Many factors have led to a dramatic expansion in the implantation of cardiac rhythm management devices such as pacemakers (PCM), implantable defibrillators (ICD) and cardiac resynchronization therapy devices (CRT). This includes an aging population, expanded indications for ICD therapy and the role of CRT in the management of heart failure.
A lead is a special wire that delivers energy from a pacemaker or implantable cardioverter defibrillator (ICD) to the heart muscle. Holy Cross Hospital performs lead extractions to remove of one or more leads from inside the heart. Leads that are placed outside the heart during open heart surgery cannot be removed during this procedure.
The doctors at the Jim Moran Heart and Vascular Center can determine if your lead or leads need to be removed for one or more of the following reasons:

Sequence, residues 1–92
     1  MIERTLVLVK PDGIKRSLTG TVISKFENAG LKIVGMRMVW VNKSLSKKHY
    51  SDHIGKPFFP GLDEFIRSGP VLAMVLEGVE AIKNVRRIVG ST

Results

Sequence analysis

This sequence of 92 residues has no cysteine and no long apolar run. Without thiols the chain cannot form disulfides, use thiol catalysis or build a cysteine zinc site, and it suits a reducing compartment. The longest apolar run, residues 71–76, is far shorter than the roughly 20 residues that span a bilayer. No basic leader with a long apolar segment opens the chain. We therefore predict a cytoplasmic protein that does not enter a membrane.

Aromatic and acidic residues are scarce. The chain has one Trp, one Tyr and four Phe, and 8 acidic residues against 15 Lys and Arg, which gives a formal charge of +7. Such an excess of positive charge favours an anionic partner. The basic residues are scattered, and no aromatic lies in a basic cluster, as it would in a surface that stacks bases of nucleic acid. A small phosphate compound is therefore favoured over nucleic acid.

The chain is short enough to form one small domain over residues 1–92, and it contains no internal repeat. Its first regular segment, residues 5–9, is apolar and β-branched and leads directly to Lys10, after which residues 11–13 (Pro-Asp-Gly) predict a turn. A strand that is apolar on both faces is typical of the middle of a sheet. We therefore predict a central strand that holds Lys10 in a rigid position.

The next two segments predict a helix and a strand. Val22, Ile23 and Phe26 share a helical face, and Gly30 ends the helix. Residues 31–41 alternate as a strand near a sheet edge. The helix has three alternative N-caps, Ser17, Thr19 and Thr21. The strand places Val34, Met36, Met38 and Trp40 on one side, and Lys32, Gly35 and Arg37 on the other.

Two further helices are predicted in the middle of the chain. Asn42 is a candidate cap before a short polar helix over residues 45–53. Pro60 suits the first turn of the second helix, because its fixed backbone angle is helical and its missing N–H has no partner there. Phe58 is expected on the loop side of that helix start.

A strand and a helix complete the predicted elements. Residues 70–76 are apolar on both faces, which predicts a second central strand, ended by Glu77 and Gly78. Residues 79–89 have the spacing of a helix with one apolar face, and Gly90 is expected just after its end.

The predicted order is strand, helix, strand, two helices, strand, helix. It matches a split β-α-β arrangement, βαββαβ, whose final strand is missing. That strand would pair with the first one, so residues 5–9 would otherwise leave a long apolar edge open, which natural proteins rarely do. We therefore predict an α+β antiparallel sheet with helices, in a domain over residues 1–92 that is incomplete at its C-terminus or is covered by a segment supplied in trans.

- Damage to the inside (called a fracture) or outside of the lead
- Large amounts of scar tissue forming at the tip of the lead. This causes the lead to need more energy to function than the device (pacemaker or ICD) is able to deliver. This condition is known as “exit block.”
- An infection at the site of the device and/or lead
- Blockage of the vein by a clot or scar tissue.
There are two approaches to lead extraction:
The subclavian approach is the most frequently used approach. The leads are extracted through an incision in the upper chest over the subclavian vein.
The femoral approach is used when the subclavian approach is not possible. The leads are removed through a small puncture in the groin over the femoral vein.
A special sheath (tube) is placed in the vein. This sheath is threaded over the lead and guided to the tip of the lead (where the lead attaches to the heart). A laser light or mechanical drill-like tip can often be attached to the sheath to help break up the scar tissue.
The lead is then removed.